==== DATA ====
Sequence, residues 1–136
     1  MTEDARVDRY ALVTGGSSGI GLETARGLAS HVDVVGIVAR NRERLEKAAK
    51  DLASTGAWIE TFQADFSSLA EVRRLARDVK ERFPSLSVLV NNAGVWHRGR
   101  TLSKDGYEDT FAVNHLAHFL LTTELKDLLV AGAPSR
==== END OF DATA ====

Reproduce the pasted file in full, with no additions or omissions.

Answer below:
Sequence, residues 1–136
     1  MTEDARVDRY ALVTGGSSGI GLETARGLAS HVDVVGIVAR NRERLEKAAK
    51  DLASTGAWIE TFQADFSSLA EVRRLARDVK ERFPSLSVLV NNAGVWHRGR
   101  TLSKDGYEDT FAVNHLAHFL LTTELKDLLV AGAPSR